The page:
https://publichealthmatters.blog.gov.uk/2019/07/24/predictive-prevention-harnessing-the-power-of-data-and-tech-to-improve-health/

Predictive Prevention: Harnessing the power of data and tech to improve health

Adult wrist with smart watch on, displaying a red heart

The Government’s Green Paper, Advancing our health: prevention in the 2020s, marks the official launch of PHE’s Predictive Prevention Programme, delivered in partnership with NHSX.

In this blog Professor John Newton, PHE’s Director of Health Improvement, explains the programme.

What is Predictive Prevention?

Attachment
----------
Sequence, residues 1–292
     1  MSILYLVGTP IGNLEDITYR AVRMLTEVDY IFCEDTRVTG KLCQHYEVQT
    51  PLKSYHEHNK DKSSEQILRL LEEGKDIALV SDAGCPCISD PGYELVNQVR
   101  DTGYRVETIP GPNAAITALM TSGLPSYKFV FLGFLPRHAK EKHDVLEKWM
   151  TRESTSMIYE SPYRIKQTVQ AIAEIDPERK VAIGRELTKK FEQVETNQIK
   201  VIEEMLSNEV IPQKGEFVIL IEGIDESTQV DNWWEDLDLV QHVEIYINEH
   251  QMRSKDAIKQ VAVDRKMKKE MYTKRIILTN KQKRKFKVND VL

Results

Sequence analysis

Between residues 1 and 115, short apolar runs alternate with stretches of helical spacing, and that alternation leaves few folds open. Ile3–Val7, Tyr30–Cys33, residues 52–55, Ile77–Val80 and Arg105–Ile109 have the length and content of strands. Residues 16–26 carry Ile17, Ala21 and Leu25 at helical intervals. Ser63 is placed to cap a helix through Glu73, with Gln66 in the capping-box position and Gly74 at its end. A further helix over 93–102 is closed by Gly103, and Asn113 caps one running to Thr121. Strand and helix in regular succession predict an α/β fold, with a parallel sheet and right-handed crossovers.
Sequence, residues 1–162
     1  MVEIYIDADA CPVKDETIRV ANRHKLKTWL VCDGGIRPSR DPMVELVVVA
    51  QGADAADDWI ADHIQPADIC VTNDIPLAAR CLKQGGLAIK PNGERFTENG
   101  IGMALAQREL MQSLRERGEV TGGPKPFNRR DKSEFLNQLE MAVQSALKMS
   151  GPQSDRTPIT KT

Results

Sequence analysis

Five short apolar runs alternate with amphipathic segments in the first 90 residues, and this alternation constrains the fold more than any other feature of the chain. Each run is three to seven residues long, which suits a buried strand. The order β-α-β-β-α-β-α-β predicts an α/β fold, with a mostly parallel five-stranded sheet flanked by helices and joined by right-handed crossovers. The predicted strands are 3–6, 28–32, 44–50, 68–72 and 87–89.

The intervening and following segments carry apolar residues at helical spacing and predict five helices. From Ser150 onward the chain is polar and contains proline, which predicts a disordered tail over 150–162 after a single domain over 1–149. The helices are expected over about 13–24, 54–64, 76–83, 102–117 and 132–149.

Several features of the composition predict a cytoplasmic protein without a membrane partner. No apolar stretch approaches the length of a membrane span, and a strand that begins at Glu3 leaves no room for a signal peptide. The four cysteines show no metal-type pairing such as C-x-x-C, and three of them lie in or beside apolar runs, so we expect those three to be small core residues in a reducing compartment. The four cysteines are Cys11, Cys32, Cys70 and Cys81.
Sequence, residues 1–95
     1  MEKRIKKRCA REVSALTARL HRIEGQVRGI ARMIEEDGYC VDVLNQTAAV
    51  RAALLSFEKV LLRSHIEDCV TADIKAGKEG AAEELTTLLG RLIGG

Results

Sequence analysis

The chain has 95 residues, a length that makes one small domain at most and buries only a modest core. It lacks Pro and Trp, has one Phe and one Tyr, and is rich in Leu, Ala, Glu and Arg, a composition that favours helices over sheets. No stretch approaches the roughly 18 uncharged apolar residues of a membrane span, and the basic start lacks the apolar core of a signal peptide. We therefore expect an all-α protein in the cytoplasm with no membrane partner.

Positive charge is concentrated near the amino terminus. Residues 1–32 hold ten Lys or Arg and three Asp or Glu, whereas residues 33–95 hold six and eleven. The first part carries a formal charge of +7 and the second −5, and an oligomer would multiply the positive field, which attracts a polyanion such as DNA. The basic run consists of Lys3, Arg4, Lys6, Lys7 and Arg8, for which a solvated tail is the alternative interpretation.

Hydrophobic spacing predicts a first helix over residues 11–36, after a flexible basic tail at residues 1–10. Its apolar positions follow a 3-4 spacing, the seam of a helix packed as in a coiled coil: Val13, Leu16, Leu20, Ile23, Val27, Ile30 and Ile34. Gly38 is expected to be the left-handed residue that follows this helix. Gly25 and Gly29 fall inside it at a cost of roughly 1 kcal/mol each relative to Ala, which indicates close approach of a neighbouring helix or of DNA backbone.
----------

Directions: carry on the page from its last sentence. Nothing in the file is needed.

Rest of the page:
Tackling the big health challenges our nation faces means making the best possible use of digital technology, combined with data and scientific evidence.

Such technology underpins every aspect of how we live our lives, it is used by all ages and social groups, and it’s no surprise that businesses and services are innovating to engage people more strongly by providing them with the information they need, at the times they are likely to want it and use it.

In the health sector we also have a huge opportunity to consider how these techniques can help us improve the health of the public.

Predictive Prevention is a programme that poses and looks to answer some important questions:

Can taking a more intelligent, personal approach to the way we use data help us go beyond the delivery of messages alone, instead driving deeper engagement and improving people’s health and wellbeing?

What is the potential to improve health by harnessing the data collected by the technology we carry in our pockets or wear?